The Indian solar sector is likely to add more than 9 GW of new capacity in 2017 according to a forecast by market analysts Mercom Capital Group.
Published today, the latest Mercom quarterly report on the Indian solar sector finds that the nation will have installed more than 4 GW of solar capacity in 2016, bringing India’s cumulative capacity for large-scale and rooftop solar to 9.6 GW.
In growing a further 9 GW in 2017, India will entrench itself firmly at the top table of solar markets, joining the likes of China, the U.S. and Japan. Indeed, some forecasts see India edging out Japan to become the world’s third-largest market this ear.
However, despite a solar development pipeline of more than 14.2 GW, and some 6.3 GW of PV projects tendered and pending auction, headwinds up ahead could disturb India’s plain solar sailing. “There are significant headwinds in terms of transmission and evacuation issues that could threaten the pace of growth,” warned Mercom Capital Group CEO Raj Prabhu.
Auction activity, for example, has slowed in the last three months, with just 1,311 MW of the 3,781 MW tendered between September and December last year auctioned off. Despite the average selling prices (ASPs) of Chinese solar modules declining 10% since August and around 30% over the past year – delivering a timely pricing boost for developers that won projects at low bids and had been struggling with the economics – there are growing concerns relating to transmission, evacuation, curtailment, timely payments and the outcome of the goods and services tax (GST), Prabhu says.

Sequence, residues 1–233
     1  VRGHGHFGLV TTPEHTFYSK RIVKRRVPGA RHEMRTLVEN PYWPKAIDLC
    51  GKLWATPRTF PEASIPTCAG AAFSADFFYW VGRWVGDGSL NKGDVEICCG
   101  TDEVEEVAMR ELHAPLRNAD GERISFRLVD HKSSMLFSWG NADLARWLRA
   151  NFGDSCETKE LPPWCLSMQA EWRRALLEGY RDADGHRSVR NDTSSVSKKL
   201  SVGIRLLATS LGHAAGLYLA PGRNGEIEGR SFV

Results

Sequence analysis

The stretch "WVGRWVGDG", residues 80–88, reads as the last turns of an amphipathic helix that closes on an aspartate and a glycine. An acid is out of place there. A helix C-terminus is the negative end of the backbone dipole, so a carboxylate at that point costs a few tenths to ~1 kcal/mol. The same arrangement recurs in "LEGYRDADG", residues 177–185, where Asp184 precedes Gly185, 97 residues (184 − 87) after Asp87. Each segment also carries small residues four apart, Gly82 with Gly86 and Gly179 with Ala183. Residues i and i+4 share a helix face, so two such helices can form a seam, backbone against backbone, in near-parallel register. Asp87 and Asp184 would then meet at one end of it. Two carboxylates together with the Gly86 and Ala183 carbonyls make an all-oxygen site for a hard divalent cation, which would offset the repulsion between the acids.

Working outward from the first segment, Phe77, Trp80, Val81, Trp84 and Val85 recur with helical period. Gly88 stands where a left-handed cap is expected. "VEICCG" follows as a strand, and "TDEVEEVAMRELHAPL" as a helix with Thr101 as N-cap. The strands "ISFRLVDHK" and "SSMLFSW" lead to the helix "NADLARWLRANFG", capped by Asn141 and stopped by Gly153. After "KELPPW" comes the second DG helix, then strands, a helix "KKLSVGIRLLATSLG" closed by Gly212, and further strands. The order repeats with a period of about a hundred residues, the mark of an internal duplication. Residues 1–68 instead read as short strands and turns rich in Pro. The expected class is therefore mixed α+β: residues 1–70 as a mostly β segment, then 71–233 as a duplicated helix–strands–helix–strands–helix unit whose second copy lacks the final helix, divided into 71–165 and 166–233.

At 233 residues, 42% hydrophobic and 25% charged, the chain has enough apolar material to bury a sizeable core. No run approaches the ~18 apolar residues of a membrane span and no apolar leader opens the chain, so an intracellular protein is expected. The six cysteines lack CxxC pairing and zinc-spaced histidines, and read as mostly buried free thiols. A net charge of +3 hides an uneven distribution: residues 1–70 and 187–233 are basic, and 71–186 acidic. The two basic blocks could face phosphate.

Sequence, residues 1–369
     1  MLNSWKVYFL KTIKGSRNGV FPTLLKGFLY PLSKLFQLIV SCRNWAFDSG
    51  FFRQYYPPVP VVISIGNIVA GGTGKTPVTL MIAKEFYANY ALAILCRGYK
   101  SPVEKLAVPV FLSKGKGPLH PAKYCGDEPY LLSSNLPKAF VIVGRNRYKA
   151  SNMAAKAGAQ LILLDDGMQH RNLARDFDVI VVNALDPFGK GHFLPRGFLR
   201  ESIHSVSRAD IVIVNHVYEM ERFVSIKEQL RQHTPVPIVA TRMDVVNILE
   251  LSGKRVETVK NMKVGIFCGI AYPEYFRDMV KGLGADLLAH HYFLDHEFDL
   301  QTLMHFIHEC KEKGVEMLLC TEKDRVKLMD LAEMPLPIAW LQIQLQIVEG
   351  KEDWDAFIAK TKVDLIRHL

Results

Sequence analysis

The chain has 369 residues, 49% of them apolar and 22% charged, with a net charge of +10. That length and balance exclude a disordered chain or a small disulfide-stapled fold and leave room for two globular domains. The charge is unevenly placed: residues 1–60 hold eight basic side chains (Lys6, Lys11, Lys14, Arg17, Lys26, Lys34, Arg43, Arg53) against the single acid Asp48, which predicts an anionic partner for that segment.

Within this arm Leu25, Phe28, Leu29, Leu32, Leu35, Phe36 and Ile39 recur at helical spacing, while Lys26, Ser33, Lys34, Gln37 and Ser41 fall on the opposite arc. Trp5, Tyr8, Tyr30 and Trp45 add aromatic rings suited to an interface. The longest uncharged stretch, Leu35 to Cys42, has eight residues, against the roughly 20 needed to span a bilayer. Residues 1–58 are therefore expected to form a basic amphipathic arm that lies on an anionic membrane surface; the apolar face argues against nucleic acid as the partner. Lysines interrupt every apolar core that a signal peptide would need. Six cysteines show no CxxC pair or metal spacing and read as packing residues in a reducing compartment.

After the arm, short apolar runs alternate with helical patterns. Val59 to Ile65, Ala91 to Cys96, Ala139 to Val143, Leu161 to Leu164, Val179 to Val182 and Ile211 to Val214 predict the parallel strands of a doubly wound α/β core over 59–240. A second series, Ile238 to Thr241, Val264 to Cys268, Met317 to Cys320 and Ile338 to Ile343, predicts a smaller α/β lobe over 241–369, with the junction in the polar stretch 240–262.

“Solar park development is experiencing some setbacks due to incomplete infrastructure,” said Prabhu. “In some cases, developers are incurring expenses to clean the land, build roads, and are waiting for power to be evacuated after commissioning. All of this is having negative effect on project costs and profitability.”
Solar accounted for 16.7% of new power generating capacity added in 2016 (up to November), and between April-October (FY 2016-2017) solar met close to 1% of India’s total electricity output. This may sound small, but represents a 50% increase in the space of a year.
The bulk of this solar growth has been centered on just 10 states, which currently account for 90% of PV output, the report said.